The big market for these appears to be students who need something beyond a phone or tablet for typing notes and papers who haven’t established work patterns around Windows programs.

      • This reply was modified 1 week, 6 days ago by  MrToad28.
      • This reply was modified 1 week, 6 days ago by  MrToad28.
    • #2013757 Reply

      Sinclair
      AskWoody Lounger

      On Chromebooks runs Chrome OS that is Googles closed source version of the open source OS Chromium. Chromium OS is basically the same as Google Chrome OS but without access to the Google Play Store.

      Chromium Os is available to be installed on hardware of your choosing. This can be a laptop or a desktop. As long as it has 2 GB Ram then it should be able to do this. Those old tiny 10 inch nettops running Windows XP for example. Provided the various components of the computer are supported. You just have to try it to see if it works.

      The official website of Chromium OS is meant for developers and does not have ready to use download links for Chromium OS. As such you need to get the installation files from somewhere else. There are multiple guides on the web on how to go about this. Here is an example:

      How to convert a Windows laptop to a Chromebook.

      As an alternative source for installation files other than CloudReady try this:

      Chromium OS Builds

      Select the Special map and hit Last Modified twice. The most resent builds should then be up top. Now select either a 32x “Cx86OS” or 64x “Cam64OS” bit build depending on your hardware.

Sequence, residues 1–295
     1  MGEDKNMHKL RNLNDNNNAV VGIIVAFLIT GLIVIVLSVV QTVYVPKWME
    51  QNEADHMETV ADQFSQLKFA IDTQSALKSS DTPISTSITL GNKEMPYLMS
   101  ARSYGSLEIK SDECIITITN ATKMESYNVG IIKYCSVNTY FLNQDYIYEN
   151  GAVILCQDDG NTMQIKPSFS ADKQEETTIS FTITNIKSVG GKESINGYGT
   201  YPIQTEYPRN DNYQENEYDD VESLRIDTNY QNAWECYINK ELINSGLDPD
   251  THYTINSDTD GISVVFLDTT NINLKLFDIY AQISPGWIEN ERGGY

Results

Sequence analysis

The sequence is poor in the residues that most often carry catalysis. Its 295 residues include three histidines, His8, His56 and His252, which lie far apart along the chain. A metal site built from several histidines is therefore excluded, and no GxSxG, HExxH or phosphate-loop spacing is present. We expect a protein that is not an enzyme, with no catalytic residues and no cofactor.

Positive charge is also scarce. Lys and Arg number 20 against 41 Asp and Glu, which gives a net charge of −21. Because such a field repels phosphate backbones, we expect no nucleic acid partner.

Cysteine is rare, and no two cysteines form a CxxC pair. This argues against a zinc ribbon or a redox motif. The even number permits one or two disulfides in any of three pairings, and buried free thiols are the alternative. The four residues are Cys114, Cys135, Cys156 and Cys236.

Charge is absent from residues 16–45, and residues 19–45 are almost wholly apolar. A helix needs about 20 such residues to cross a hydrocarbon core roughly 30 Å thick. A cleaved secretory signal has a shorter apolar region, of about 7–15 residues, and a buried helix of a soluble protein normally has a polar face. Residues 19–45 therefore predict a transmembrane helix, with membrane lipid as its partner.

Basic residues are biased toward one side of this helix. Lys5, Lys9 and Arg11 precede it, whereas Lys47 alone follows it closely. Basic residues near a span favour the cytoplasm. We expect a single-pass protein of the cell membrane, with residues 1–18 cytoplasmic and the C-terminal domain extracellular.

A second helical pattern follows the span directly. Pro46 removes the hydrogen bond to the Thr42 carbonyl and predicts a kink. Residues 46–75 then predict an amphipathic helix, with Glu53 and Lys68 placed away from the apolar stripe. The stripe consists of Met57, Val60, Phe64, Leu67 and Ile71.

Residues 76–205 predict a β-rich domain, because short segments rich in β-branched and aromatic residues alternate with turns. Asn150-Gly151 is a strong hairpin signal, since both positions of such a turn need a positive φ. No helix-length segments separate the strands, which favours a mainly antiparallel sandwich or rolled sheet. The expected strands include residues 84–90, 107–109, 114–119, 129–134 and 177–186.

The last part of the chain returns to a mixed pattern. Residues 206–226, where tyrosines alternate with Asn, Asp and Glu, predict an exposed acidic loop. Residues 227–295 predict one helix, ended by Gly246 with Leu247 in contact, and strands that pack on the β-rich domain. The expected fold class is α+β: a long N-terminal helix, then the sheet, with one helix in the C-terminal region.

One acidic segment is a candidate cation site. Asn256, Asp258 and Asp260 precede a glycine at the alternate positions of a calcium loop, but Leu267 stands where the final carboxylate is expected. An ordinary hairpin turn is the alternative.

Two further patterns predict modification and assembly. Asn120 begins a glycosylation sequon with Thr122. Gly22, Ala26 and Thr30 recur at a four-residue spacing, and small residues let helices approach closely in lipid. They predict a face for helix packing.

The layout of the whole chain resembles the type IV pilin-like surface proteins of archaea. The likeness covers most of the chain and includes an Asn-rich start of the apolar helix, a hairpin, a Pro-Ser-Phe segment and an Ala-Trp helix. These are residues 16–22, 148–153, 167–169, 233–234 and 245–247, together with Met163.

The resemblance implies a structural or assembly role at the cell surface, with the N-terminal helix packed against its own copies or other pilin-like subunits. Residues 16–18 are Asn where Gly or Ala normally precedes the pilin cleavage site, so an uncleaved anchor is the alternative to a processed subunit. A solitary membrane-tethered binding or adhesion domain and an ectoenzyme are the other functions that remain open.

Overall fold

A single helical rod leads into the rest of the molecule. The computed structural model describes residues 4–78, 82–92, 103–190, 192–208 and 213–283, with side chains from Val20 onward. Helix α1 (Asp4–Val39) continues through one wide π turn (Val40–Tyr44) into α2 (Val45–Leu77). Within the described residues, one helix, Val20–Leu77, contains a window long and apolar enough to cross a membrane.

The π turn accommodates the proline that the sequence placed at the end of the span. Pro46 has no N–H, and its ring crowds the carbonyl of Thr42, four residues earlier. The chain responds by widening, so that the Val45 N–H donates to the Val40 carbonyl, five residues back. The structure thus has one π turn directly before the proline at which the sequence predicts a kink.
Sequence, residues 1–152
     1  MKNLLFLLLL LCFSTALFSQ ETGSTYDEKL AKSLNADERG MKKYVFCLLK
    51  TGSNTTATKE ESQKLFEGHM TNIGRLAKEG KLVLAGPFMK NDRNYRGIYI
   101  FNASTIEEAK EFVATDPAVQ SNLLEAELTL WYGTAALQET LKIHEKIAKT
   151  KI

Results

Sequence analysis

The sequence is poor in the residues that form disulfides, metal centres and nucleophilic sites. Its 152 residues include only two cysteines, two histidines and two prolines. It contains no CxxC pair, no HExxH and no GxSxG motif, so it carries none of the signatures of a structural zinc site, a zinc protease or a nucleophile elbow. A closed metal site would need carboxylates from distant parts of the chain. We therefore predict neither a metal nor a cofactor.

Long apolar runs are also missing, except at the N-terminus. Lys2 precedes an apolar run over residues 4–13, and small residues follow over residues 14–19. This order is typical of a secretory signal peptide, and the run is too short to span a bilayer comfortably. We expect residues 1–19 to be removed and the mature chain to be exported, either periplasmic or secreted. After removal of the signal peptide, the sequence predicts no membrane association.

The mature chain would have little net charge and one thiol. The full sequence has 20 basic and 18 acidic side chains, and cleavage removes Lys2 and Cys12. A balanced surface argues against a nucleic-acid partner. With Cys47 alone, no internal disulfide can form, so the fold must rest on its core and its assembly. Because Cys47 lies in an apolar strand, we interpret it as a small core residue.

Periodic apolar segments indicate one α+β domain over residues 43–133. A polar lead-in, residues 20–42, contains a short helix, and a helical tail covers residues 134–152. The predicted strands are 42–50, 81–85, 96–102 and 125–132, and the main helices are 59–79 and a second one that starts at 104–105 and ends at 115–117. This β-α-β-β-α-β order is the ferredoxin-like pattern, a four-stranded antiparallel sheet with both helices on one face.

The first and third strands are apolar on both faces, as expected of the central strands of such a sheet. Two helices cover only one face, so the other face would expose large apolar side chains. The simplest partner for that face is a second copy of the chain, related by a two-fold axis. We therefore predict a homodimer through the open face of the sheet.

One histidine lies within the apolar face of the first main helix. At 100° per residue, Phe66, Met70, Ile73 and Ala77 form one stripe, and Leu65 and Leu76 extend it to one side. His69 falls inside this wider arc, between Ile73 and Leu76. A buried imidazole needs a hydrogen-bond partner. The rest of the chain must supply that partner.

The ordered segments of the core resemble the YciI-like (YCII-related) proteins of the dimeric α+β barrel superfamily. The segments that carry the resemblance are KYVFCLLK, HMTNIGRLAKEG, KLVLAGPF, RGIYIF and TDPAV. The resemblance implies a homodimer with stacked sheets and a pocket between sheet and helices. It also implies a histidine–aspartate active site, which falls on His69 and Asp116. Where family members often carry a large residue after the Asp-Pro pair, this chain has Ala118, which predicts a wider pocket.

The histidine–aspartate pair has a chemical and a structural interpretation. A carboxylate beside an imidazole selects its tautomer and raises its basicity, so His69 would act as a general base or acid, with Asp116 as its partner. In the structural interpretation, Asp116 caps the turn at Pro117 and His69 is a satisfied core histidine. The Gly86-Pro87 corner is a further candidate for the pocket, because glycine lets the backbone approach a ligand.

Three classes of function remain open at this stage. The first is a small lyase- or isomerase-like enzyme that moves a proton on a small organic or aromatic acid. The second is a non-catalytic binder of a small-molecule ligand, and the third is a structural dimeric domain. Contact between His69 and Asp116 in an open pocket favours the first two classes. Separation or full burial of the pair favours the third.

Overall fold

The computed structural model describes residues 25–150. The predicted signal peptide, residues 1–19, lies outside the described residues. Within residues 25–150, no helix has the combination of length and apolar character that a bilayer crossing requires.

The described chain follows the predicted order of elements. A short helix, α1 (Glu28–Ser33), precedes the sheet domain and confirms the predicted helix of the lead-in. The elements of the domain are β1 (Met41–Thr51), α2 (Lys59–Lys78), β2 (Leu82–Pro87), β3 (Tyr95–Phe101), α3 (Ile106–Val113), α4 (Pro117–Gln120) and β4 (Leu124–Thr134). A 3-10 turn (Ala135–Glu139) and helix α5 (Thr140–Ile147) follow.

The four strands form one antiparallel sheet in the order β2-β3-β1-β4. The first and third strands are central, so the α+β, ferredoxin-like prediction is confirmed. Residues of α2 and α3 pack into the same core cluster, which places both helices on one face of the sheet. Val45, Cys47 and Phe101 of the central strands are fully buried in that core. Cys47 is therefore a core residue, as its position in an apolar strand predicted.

Note that any USB stick or SD Card used as boot device to first load the Chromium OS boot files is repartitioned as such you may loose part of the USB sticks capacity. To get this back after installation you need to repartition the USB stick again.

      Again you do not get access to Googles Play Store. But it should work pretty much as any other non modified Chromebook. Offcourse there are other app stores or sites on the web that you can use to add extra apps should you want that. Just beware of malicious sites.

      I have not tried this my self. I tend to steer well clear of Chromebooks and Googles sell your soul in return for content economy. I was curious as to how Chromebooks work and how Google uses them to fuel its user data driven format. This post is the result of me reading up on that and seeing if it is possible to get something that functions almost like it without having Google involved and without going full Linux Mint. See my other post about how to add or possible even replace the Chrome Browser with Firefox.